Alpena man to travel the globe on bicycle
ALPENA –An Alpena man is set to circumnavigate the world on his bicycle.
Bill Saint-Onge arrived in California on Wednesday and is set to begin the first leg of his journey on Dec. 13.
Saint-Onge will spend the next 14-months peddling his bike across the globe. He says he’ll travel 35,000 miles, including the flights between continents, and visit 25 countries.
He said about 16,000 to 18,000 miles will be traveled on the bike. Now 70 years old, Saint-Onge said he formulated the plan a year before he retired.
“I may be retired, and I may be considered elderly by many people, but I am not ready to sit down on the couch in front of the TV,” he said. “I have kind of a fear of doing that, in a way, and this trip grows out of that, as much as anything else. Just because you’re 70 doesn’t mean you’re done.”
The trip will start in Palm Springs, California, where St. Onge will then travel across the U.S. to Tampa, Florida. From there, he will travel to Portugal and make his way across Europe, into Eastern Europe, and make his way through Azerbaijan. Then he’ll head through Central Asia to India. He will then travel to Cambodia, where he will catch a flight to Australia and then travel to New Zealand before making it back to Palm Springs.
Saint-Onge was born in Alpena, raised in Midland, and worked as a former Michigan Child Protective Services worker in Detroit for “decades.” He started a family in Ann Arbor, but has been divorced for around 30 years. He returned to Alpena after he retired to be closer to his mother and is also her caretaker.
Saint-Onge said he has always liked to travel and stays active by backpacking, canoeing, and kayaking. He said he began bicycling the year he retired “totally out of the blue,” when he was getting ready to sell his son’s bicycle at a garage sale.
“Just on a whim, I got on it to ride around the block, and that was it — something clicked,” he said. “At that time, too, I was starting to have a lot of trouble with my knees, so it was becoming a lot more difficult to do the canoeing and the backpacking.”
He said biking doesn’t hurt his knee. He called his bike an “adaptive device” that gets him to places he wouldn’t ordinarily be able to go.
It’s not the first time Saint-Onge has undertaken such a journey, as he started “traveling with a vengeance” about seven years ago. He said he has been able to travel on his bicycle six months of the year and returns to help with his mother for the other six months.
Saint-Onge has made three trips across the U.S. He made it across Canada two-and-a-half times and traveled once from Tampa, Florida to the Yukon, where he then rode south to Alaska.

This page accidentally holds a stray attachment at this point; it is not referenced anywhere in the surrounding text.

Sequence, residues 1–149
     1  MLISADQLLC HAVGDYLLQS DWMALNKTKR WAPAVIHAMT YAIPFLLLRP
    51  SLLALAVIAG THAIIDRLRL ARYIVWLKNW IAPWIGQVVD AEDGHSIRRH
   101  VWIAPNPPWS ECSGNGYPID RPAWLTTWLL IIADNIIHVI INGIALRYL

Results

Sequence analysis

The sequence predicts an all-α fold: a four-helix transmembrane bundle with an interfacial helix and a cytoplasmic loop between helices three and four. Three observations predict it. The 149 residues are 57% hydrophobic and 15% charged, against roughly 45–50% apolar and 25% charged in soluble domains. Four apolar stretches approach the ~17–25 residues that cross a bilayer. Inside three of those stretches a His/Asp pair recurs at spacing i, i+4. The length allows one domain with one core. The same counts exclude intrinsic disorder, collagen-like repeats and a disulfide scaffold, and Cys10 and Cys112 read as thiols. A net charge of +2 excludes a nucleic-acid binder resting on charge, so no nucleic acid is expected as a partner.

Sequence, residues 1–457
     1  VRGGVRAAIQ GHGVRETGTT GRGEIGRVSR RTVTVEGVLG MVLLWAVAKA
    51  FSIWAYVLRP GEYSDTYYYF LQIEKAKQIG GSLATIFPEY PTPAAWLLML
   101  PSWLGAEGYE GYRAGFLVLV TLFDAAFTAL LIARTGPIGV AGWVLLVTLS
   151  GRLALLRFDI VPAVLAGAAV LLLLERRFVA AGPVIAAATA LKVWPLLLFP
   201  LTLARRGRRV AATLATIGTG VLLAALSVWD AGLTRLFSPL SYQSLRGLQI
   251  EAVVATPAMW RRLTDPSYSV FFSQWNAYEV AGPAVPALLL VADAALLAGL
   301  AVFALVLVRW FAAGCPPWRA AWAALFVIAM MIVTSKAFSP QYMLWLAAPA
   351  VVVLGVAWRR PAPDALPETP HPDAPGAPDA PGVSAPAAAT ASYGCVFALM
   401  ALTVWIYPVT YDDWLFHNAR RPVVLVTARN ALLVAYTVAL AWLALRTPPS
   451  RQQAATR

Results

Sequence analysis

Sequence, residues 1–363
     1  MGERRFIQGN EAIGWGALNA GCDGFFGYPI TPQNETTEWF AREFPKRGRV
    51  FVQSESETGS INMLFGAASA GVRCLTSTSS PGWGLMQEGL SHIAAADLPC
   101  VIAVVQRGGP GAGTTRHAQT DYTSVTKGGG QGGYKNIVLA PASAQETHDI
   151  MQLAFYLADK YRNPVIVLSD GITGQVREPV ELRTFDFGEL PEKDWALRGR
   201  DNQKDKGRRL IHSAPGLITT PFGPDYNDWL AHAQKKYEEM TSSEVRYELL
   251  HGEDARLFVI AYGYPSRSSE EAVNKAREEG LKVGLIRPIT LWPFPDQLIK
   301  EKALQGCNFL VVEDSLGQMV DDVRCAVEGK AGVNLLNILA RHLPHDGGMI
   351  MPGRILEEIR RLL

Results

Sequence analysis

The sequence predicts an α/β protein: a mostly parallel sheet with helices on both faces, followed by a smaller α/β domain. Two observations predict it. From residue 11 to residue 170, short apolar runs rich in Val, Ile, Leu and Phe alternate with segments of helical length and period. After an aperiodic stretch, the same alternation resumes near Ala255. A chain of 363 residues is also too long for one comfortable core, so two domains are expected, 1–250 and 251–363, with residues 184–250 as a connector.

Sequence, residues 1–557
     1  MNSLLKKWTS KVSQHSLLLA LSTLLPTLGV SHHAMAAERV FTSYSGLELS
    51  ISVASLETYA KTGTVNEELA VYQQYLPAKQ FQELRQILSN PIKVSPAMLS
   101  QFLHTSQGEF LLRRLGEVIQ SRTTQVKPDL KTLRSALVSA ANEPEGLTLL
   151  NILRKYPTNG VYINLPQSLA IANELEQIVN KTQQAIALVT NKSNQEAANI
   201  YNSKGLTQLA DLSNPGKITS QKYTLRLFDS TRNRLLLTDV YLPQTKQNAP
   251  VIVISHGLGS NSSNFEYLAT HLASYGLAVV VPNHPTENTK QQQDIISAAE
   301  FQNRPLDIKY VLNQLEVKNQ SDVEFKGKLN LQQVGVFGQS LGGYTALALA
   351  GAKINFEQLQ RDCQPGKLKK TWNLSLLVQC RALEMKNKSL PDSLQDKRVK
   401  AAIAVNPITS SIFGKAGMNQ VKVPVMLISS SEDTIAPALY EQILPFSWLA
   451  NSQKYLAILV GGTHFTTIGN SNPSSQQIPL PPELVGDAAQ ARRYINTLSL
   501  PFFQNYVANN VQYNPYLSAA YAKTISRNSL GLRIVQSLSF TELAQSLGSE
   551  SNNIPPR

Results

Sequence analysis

He also wanted to make it around the world before, in a trip that would have been segmented over four years. Saint-Onge started out on a trip to Asia, but was unable to finish the trip when his bike was hit by a bus. He said he had stopped at a bank to convert some money and left his bike chained to a pole when the crash occurred.
“It was a big vehicle to do as much damage as it did,” he said. “When I came through the crowd, I saw my bike laying there, still chained to the post, magically transformed into something else. So that was the end of the riding portion for that.”
Saint-Onge said he stayed in Asia for the next few months, traveling by foot, local buses and tuk-tuk, which is an auto rickshaw, before heading back to the U.S. He said he is looking forward to traveling to India for “round two” on this trip.
“I know not to park my bike to where the bus might hit it this time,” he said with a laugh. “I’m really looking forward to India. I think, of all of the countries that I will be going to, that one fascinated me the most when I was there and I’m spending an extra-long time there.”
Saint-Onge said he has managed to get the weight of his gear down to 16 pounds, 4 ounces, which fits easily onto his bike. He said he has everything from his clothing and toiletries to a tent, cooking equipment, bicycle supplies, and medical supplies.
His journey will be a self-supported effort, which means he will travel without the help of a support team or support vehicle. The trip is also self-funded, except for donations he receives through a Go Fund Me fundraiser.
Saint-Onge had raised $4,375 as of Friday afternoon, out of his $8,000 goal. He will use those funds to help cover the cost of any repairs he might need on the trip and to help cover the expense of his international flights. His fundraiser on gofundme.com is Cycle The World.
He will also document his trip on his blog, longhaulrider.com.
Crystal Nelson can be reached at 989-358-5687 or firstname.lastname@example.org.